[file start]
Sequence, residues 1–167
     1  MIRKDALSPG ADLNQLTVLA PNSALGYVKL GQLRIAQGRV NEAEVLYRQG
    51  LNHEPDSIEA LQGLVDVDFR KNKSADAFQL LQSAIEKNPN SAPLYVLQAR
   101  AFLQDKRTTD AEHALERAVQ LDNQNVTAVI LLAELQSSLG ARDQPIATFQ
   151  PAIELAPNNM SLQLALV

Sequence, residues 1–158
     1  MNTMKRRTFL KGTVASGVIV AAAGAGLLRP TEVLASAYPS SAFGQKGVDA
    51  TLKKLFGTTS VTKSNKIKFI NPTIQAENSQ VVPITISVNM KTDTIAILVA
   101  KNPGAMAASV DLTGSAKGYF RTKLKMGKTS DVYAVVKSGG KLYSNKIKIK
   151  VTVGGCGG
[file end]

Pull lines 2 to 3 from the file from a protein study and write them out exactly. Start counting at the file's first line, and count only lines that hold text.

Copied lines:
     1  MIRKDALSPG ADLNQLTVLA PNSALGYVKL GQLRIAQGRV NEAEVLYRQG
    51  LNHEPDSIEA LQGLVDVDFR KNKSADAFQL LQSAIEKNPN SAPLYVLQAR